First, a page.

COVID-19-related school closures and patterns of hospital admissions with stress-related presentations in secondary school-aged adolescents: weekly time series


This study examines health service indicators of stress-related presentations (relating to pain, mental illness, psychosomatic symptoms and self-harm) in adolescents of secondary school age, using Hospital Episode Statistics data for England. We examined weekly time series data for three academic years spanning the time before (2018–2019) and during the COVID-19 pandemic (2019–2020 and 2020–2021), including the first lockdown when schools were closed to the majority of pupils. For all secondary school children, weekly stress presentations dropped following school closures. However, patterns of elevated stress during school terms re-established after reopening, with girls aged 11–15 showing an overall increase compared with pre-pandemic rates.

Significant declines in the mental health and well-being of children and adolescents have been reported during the coronavirus (COVID-19) pandemic, with the closure of schools and subsequent disruption to learning and assessment, social contacts, routines and services accessed through schools playing a pivotal role.Reference Viner, Russell and Saulle1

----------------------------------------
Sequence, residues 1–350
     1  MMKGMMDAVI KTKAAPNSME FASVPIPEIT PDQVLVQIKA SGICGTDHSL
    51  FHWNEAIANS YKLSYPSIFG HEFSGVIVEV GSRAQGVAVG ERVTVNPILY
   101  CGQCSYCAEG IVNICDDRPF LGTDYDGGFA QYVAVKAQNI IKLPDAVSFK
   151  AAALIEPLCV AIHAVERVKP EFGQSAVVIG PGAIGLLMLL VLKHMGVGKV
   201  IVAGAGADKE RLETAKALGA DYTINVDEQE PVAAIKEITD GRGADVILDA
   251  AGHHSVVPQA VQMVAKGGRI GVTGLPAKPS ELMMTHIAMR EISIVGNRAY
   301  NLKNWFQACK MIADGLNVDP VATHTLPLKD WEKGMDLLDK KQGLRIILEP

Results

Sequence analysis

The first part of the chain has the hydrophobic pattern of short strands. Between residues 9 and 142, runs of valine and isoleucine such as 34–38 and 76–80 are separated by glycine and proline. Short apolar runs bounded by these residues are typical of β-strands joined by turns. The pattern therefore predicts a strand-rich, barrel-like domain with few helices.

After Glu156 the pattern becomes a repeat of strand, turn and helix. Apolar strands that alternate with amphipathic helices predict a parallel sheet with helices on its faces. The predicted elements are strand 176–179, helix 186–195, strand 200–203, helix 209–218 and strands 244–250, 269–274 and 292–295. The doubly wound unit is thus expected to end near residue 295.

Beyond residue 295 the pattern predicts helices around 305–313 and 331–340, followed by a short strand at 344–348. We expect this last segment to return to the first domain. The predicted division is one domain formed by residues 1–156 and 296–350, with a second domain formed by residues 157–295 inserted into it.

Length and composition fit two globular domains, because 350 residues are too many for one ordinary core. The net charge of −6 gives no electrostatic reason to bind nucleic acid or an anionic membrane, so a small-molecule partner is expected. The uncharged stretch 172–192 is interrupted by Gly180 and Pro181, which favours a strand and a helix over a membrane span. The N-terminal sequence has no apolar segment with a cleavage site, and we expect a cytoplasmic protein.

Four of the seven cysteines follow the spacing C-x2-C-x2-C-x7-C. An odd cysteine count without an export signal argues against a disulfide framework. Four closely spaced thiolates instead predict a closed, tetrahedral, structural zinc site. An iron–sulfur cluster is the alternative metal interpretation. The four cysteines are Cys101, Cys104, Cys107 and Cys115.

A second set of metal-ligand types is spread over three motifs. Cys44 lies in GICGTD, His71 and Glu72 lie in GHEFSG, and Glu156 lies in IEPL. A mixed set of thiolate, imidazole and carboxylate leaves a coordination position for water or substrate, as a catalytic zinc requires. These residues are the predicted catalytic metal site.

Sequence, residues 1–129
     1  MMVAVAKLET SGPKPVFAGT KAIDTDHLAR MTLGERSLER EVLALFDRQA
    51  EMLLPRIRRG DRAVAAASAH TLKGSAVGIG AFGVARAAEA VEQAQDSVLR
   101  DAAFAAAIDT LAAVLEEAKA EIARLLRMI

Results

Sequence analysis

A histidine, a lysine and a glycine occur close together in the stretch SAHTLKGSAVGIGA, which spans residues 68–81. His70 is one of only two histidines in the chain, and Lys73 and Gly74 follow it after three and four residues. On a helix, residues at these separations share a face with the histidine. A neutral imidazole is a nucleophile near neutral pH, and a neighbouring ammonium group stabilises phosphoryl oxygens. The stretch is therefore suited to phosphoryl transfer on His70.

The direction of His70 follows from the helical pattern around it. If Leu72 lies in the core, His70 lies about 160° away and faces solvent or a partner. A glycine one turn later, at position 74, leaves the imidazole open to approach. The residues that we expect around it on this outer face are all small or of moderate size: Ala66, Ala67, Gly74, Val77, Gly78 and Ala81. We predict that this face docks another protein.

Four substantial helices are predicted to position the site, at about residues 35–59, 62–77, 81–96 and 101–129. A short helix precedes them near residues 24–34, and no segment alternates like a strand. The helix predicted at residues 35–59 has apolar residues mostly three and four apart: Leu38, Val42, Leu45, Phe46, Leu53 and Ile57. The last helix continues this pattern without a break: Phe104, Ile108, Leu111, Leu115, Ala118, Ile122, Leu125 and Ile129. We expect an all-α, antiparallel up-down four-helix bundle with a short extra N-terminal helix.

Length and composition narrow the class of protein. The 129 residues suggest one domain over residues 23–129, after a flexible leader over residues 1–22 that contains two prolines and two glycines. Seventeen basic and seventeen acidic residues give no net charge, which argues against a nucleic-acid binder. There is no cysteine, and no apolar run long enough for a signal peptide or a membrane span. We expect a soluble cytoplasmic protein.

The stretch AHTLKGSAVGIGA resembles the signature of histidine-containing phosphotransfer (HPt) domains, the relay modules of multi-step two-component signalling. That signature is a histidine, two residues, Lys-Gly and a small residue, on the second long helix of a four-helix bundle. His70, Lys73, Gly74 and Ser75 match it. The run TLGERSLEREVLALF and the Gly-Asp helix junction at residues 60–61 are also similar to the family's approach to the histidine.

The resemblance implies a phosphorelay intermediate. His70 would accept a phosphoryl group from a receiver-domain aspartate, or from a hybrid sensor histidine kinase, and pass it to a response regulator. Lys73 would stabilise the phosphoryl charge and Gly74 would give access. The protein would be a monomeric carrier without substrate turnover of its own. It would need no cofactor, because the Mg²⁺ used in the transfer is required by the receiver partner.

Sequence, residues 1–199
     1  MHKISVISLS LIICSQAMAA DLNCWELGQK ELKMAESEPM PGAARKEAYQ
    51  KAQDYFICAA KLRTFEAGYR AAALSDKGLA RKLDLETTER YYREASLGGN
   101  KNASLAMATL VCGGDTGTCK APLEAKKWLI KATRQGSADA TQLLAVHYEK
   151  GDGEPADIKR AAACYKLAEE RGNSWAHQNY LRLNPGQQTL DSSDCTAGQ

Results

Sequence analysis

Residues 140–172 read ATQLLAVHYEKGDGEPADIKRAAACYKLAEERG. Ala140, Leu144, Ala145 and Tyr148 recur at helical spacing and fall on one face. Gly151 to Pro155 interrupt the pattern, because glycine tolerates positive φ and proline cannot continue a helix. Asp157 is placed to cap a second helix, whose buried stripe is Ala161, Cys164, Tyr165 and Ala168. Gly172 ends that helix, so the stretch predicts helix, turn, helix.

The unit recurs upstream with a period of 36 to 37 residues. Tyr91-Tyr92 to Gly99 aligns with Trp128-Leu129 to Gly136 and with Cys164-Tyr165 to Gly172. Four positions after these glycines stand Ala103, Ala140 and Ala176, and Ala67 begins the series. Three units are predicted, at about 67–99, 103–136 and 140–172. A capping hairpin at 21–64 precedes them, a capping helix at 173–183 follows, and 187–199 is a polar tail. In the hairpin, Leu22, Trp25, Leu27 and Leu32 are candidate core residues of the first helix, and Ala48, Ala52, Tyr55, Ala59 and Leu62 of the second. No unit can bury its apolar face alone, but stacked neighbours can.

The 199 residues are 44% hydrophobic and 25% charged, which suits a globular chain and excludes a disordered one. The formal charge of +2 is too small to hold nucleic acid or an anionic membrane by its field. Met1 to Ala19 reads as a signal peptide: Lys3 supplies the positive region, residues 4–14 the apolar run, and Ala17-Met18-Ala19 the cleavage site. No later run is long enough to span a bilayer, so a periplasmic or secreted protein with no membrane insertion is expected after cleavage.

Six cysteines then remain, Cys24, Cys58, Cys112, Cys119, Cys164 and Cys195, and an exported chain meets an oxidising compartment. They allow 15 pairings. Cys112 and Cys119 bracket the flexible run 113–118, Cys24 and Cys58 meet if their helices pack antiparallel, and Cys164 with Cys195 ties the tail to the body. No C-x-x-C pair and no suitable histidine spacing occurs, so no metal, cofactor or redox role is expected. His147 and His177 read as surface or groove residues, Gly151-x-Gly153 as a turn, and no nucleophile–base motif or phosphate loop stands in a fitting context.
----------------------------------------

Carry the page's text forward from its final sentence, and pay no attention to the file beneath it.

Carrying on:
Prior to the pandemic, hospital admissions relating to manifestations of stress in secondary school-aged adolescents were positively correlated with term times.Reference Blackburn, Ajetunmobi, Mc Grath-Lone, Hardelid, Shafran and Gilbert2 Stress-related presentations are those relating to pain, mental health or psychosomatic symptoms. They may indicate emerging or relapsing mental illnessReference Jensen, Goldman and Offord3 and the burden on schools and in health is significant, affecting 7.9% of girls and 4.1% of boys between the ages of 11 and 17 years, and accounting for over 30% of all emergency admissions for this age group.Reference Blackburn, Ajetunmobi, Mc Grath-Lone, Hardelid, Shafran and Gilbert2 Rates of stress-related presentations were highest in girls aged 14–15 years and consistently higher in term times than holiday periods for children of secondary school age in 2014–2015 to 2017–2018.Reference Blackburn, Ajetunmobi, Mc Grath-Lone, Hardelid, Shafran and Gilbert2